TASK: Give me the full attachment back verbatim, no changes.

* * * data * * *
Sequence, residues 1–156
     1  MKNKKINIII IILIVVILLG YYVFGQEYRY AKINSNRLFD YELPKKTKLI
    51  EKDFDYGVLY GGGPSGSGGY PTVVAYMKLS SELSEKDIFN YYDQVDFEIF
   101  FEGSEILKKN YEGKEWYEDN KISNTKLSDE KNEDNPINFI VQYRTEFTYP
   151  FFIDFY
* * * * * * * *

Sequence, residues 1–156
     1  MKNKKINIII IILIVVILLG YYVFGQEYRY AKINSNRLFD YELPKKTKLI
    51  EKDFDYGVLY GGGPSGSGGY PTVVAYMKLS SELSEKDIFN YYDQVDFEIF
   101  FEGSEILKKN YEGKEWYEDN KISNTKLSDE KNEDNPINFI VQYRTEFTYP
   151  FFIDFY